The Cowboys face longtime rival Pittsburgh Steelers this afternoon at the vaunted … Heinz Field. And by vaunted, I mean, “wha?” (The legendary Three Rivers Stadium has apparently been torn down and replaced by Ketchup Stadium. Who knew?)
The bad blood with the Steelers dates back to the earliest days of the Cowboys history.
In the 1950s, the NFL considered putting a team in Dallas, but Steelers owner Art Rooney (pictured above) said hell to the no. Texas redneck crackers are too racist to support a football team with black athletes, he told fellow owners.
A decade would pass before Texas rich guy Lamar Hunt introduced the Cowboys to Dallas in 1960. And wouldn’t you know it – the team’s first game was against Rooney’s Steelers. The Cowboys lost 35-28 and went winless that inaugural season.
But the next year, the Cowboys faced the Steelers in the season opener and prevailed 27-24. The Cowboys would go on to wonderful things in the 1960s, including playing in two championship games. The Steelers went on a decade-long slide that culminated with a 1-13 record in 1969.
The seeds of jealousy were planted in a city that was being turned upside down. Pittsburgh residents were beginning their long winter of inconsequential existence that still casts its pallid shadow over that apocalyptic burgh. The United States led the world in steel production beginning in the mid-1800s, with Pittsburgh ground zero for mills. That changed in the 1970s as China took over, followed by Europe and Japan. Domestic production fell off. Pittsburgh lost mills and jobs. The townspeople suffered.
Decades earlier, steel magnate Andrew Carnegie had insisted that the city be built entirely of steel. Even the trees. Cutting firewood required a welder, which most residents could no longer afford. People froze to death. Cannibalism became commonplace. Only the strongest, most crazed people survived, spawning the evolution of a fierce, half-human, half-creature species known as Pittroglodytes. Jack Lambert was the poster boy.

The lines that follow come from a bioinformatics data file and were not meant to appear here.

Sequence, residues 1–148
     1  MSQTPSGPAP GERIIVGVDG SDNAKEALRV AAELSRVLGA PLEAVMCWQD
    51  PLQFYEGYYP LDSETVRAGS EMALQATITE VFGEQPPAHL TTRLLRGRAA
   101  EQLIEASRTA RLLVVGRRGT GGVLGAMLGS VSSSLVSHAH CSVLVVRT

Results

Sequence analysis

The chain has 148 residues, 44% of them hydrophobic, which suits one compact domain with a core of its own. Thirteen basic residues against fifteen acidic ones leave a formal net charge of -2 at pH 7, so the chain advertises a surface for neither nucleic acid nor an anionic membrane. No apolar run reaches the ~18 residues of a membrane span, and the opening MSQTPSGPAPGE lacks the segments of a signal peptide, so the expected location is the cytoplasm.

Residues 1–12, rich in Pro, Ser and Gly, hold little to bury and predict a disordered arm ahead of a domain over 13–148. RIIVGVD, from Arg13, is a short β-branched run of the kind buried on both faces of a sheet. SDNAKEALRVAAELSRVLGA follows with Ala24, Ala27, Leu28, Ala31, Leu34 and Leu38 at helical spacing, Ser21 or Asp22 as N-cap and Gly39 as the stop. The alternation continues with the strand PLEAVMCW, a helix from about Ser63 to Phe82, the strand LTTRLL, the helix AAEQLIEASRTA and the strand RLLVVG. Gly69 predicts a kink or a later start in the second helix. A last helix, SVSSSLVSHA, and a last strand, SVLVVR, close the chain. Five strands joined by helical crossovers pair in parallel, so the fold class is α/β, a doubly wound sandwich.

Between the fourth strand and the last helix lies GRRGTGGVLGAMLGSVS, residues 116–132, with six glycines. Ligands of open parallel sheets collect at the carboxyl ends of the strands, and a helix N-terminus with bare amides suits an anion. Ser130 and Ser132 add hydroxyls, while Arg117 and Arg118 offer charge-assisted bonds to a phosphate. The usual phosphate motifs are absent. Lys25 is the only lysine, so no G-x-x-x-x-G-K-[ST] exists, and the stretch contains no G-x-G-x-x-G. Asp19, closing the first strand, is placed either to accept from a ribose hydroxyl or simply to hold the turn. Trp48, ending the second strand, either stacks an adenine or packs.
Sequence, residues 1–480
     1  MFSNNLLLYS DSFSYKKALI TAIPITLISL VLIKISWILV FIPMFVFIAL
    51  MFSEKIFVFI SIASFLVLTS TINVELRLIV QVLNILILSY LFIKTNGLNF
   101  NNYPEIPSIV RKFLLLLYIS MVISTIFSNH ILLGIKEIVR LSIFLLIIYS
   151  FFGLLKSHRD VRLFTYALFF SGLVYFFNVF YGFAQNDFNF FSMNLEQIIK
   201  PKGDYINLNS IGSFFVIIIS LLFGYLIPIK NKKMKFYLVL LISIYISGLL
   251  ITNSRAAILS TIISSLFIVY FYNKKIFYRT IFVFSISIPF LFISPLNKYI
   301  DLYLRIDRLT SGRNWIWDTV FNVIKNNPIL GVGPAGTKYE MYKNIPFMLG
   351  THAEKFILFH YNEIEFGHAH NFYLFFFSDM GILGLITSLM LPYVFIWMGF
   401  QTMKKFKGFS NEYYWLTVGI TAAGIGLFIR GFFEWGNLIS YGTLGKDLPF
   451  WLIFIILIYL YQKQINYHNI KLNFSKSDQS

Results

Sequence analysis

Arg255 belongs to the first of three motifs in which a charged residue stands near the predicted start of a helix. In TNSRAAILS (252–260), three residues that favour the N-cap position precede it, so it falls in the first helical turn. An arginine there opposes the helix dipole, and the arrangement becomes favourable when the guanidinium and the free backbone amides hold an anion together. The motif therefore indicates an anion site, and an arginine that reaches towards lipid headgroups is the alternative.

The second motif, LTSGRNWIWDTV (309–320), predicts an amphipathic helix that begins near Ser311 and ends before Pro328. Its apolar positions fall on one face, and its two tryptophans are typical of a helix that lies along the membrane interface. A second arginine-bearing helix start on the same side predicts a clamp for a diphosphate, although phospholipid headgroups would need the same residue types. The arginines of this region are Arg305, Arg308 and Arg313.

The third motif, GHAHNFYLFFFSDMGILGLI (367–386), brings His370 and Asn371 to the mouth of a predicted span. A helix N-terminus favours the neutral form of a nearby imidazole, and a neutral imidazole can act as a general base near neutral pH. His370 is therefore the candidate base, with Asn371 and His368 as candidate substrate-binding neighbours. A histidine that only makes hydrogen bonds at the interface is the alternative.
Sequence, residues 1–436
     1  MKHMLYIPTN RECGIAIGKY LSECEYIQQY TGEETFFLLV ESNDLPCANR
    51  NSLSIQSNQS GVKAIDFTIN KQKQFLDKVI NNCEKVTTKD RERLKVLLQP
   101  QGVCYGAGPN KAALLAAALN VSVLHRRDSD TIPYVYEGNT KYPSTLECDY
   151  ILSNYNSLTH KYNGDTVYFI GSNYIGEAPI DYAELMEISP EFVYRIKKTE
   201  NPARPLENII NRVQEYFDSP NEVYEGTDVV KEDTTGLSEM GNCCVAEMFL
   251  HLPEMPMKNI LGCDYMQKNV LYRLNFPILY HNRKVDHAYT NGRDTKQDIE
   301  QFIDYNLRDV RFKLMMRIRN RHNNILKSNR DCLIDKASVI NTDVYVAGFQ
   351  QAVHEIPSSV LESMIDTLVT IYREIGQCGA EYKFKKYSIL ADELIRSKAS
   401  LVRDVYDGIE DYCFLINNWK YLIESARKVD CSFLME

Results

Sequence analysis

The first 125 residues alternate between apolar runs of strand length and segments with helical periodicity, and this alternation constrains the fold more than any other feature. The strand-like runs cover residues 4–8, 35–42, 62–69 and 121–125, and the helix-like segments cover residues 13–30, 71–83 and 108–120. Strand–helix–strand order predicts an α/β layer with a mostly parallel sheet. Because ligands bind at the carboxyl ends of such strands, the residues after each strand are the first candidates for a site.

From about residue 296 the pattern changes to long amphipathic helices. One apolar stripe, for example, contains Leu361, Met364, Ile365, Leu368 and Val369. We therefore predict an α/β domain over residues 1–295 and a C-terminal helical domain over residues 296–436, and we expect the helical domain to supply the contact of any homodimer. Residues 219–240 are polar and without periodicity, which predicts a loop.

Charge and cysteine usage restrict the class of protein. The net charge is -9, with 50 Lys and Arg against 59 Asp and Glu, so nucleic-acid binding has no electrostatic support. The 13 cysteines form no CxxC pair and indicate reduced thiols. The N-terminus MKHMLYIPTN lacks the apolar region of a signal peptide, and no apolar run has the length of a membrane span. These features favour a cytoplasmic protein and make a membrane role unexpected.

Pittroglodytes became the most obsessed and insane football fans in the world. The object of their frothing hatred? The thing they most despised and wanted to kill and eat even more than their next door neighbors’ children? The Dallas Cowboys.
A recent essay by Pittroglodyte turned Fort Worth Weekly Editor Anthony Mariani explains how Dallas represented everything that his Blade Runner city could never be: cosmopolitan, thriving, warm, wealthy, and with trees made of wood.
Pittroglodytes envied our pretty women. Pittsburgh’s “scale of looks” only goes to 5, while most bathroom scales sold in the city go to 500 or more. The NFL forbids the Steelers from having cheerleaders.
They envied our tans. Our accents. Our white teeth. Or really just our teeth.
They envied our education. The smartest guy on their team was Terry Bradshaw. The Steelers QB was once asked to spell “cat” and couldn’t, meaning he was immediately embraced by Nashville and signed to a record deal.
Pittroglodytes envied our global adulation. Aaron Spelling tried to create a TV series about Pittsburgh in the 1970s but the smog was so thick, every scene had to be written as if a fire was burning nearby. Gave the scriptwriters fits. Worse, the residents kept eating crew members. The production moved to North Texas, and Dallas became the most popular TV show of the 1970s.
The Cowboys became America’s Team while going to Super Bowls in 1970 and 1971.
The Steelers began playing better against weaker competition after being moved to the patsy AFL. Finally, the Steelers bumbled into a Super Bowl appearance in 1975 against the heroic Cowboys.